Unlike boomers, young people seem to be embracing planning their own funerals in a way that previous generations did not. And this is fueling changes in the death industry.
Today we look at why millennials are the “death positive” generation.
Until now, many people in their 20s didn’t plan for their deaths
Most people didn’t used to plan for their deaths in their 20s — or maybe ever. A 2017 study in the journal Health Affairs found only one in three US adults have an advance directive, including a living will with end-of-life medical instructions, power of attorney naming a person responsible for last affairs, or both. Fewer have planned their actual funeral arrangements or even spoken to their loved ones about their wishes, according to the National Funeral Directors Association.
But “the American way of death,” as journalist Jessica Mitford called it in her 1963 classic book on the funeral industry, is changing. When Mitford first penned her investigation, she found anxiety, aversion, and few real options. Most consumers only interacted with the funeral industry on average every 14 years — and then, only under duress — so they weren’t likely to compare prices or make informed choices. As a result, Mitford argued, funeral directors could convince their hapless customers to spend more money than they had, on things they never wanted.
Today, the internet grants us instant access to lots of information and seemingly infinite options. “Embalm and bury” used to be the only way Americans processed human remains — funeral directors were resistant to cremation (it was much cheaper than burial). Now, a YouTube channel called “Ask a Mortician” has almost a million subscribers, nearly a million people have downloaded the starter kit for the Conversation Project – a guide to discussing plans for the end of life – and we can turn our dead into diamonds or trees.
All share a common idea: that Western culture has become too squeamish about talking about death, and that the silence impoverishes the lives leading up to it.
The “death positive” movement started online
Accustomed to having everything in their lives optimized or organized by a digital tool, the 35-and-under crowd may view online end-of-life planning as a helpful service like any other they use.
Younger people, also known as the millennial generation, are leading this parade of cultural change. Mortician Caitlin Doughty in 2011 founded the “Order of the Good Death”, an organization that promotes death positivity, when she was 27. Hansa Bergwall was 35 when he created the app “WeCroak”, which sends five daily reminders that we are all going to die — presumably to help them live in the moment. And the Bios Urn founders were the first in the world to come up with the idea of a biodegradable urn that turns you into a tree in their 20s.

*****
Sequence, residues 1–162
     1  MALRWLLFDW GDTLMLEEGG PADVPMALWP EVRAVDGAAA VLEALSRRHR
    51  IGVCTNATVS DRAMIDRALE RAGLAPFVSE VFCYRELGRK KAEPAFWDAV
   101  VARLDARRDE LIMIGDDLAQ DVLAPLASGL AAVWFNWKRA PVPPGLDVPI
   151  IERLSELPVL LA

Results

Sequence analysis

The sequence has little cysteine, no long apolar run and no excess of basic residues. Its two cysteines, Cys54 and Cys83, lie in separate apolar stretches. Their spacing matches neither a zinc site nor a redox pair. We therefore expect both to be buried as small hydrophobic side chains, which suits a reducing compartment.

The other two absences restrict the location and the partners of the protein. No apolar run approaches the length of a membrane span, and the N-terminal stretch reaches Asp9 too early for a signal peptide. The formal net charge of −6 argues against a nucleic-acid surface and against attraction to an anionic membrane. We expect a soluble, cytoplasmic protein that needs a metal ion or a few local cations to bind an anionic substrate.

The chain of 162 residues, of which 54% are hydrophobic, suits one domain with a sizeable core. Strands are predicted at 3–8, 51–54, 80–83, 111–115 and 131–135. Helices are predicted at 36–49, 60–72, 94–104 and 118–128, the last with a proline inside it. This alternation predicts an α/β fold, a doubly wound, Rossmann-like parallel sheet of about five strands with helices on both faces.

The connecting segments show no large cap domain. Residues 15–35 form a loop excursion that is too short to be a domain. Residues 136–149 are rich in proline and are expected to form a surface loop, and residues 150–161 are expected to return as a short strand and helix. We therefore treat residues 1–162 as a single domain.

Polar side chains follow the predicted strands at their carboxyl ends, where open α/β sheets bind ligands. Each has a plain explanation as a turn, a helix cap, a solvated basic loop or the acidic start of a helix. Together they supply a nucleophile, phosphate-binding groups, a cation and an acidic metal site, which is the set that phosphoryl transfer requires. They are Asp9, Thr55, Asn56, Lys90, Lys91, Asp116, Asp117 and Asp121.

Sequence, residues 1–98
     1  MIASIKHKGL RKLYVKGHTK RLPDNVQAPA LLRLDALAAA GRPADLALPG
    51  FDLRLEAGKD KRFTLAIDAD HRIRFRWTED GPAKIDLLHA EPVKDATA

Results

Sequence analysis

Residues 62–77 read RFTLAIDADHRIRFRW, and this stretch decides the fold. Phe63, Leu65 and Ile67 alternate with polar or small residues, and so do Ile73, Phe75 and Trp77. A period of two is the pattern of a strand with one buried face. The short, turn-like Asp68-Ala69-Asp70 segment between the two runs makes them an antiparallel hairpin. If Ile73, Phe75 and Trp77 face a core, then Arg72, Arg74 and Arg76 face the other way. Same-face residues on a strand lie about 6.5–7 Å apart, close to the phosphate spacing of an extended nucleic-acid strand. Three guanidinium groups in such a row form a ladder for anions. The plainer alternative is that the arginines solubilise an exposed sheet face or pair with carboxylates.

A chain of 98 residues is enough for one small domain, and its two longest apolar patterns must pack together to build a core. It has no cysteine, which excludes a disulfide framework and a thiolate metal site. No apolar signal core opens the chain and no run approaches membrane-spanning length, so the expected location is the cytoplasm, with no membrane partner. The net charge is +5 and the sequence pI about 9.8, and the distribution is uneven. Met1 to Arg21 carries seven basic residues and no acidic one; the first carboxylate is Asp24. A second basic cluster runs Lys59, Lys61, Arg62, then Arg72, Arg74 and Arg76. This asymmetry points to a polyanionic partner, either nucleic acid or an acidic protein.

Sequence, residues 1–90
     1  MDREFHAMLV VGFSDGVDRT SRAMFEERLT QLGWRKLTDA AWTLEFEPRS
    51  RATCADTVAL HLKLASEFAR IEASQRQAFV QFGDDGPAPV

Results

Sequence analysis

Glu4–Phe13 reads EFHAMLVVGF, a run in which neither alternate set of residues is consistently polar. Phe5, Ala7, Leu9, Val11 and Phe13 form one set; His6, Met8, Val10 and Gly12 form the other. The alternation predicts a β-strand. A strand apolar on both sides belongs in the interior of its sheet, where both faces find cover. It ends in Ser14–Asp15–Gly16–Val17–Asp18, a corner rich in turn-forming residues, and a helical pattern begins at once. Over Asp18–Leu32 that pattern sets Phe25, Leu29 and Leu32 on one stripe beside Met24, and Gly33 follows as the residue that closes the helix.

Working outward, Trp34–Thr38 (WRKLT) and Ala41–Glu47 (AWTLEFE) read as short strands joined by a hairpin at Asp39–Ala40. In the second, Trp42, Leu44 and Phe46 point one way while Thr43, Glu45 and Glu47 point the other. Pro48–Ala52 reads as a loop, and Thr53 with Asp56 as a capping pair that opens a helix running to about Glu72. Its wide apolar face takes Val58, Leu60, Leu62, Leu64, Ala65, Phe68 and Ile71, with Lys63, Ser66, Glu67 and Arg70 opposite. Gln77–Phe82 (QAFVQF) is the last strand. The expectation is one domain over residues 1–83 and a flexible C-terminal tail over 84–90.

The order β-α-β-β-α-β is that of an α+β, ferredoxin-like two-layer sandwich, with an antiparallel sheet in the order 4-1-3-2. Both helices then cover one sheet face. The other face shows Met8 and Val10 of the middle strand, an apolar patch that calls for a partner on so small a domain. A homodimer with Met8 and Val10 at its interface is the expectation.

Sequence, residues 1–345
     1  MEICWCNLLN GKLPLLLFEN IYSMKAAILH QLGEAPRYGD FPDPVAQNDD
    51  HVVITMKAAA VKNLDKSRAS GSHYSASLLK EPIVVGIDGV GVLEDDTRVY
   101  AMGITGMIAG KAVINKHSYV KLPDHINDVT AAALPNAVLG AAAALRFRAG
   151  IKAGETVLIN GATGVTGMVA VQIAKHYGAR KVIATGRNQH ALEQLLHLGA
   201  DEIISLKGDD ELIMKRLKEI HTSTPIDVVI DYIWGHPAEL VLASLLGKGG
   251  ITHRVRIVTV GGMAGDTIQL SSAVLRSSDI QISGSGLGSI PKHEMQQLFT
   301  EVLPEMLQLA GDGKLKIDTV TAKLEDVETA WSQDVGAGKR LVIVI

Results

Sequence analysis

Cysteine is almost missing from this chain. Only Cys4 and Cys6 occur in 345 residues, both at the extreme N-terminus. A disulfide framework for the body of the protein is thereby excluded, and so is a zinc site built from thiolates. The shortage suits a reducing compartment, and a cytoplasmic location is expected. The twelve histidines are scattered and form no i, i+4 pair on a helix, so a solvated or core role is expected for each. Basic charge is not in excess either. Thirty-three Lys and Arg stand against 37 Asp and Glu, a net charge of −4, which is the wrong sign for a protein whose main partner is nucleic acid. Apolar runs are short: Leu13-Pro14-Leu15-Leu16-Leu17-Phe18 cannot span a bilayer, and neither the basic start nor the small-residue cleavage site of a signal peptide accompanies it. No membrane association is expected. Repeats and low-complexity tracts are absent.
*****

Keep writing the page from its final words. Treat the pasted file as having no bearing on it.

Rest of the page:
Dying is not a taboo for millennials
In general, talking about dying seems less taboo to many millennials. They encounter the “death positive” movement online, which aims to make conversations about death normal and routine.
Modern online funeral content is less morbid and instead offers practical information about the choices we can make before we die, like hiring a death doula and comparing different burial options. There are also more and more places where the conversation around death is made common place such as Death Cafés or art exhibitions around death.
Contemplating what the end looks like is part of being alive and gives a sense of peace in the present. Many are also encouraging older parents plan for what happens when they die and opening the conversation around the family dinner table.
Expressing your unique self in death as in life
Anita Hannig, an associate professor of anthropology at Brandeis University who studies death and dying, says people — not just millennials — increasingly want to express their unique selves in death as in life.
It would seem that younger people, with more resources at their hands, might become informed sooner or in a different way than their parents and grandparents were.
The goal for younger generations pre-planning their own end-of-life plans is also often to make them as cheap as possible for the people who have to deal with it.
The choice to donate your body to science in advance is an increasingly popular choice. Donating your body to science means signing a contract that grants medical students in the distant future the right to study your body once you have passed. Many places dedicated to research such as Universities offer what many millennial consider the perfect solution: When its research is complete — typically after two years — the college will pay to cremate the remains of its donors and return it to the family. This is when the person’s loved-ones may typically chose to hold a celebration of the person’s life, not a mournful wake.
In the end, that is what this new death positive movement is all about: connection. For some, that means planning their end of life with as much care as a they plan for the beginning of life, for births. For others, it means sitting down in death cafés or installing an app on their phone. For millennials, that connection means figuring out how death fits into their lives now. Embracing mortality, it would seem, helps live with less fear, more life.
Will you join the movement? Start thinking about what feels right for you and let your loved-ones know!
What do you think of the death positive movement and the way younger generations are approaching death? We would love to hear from you in the Comments section below!
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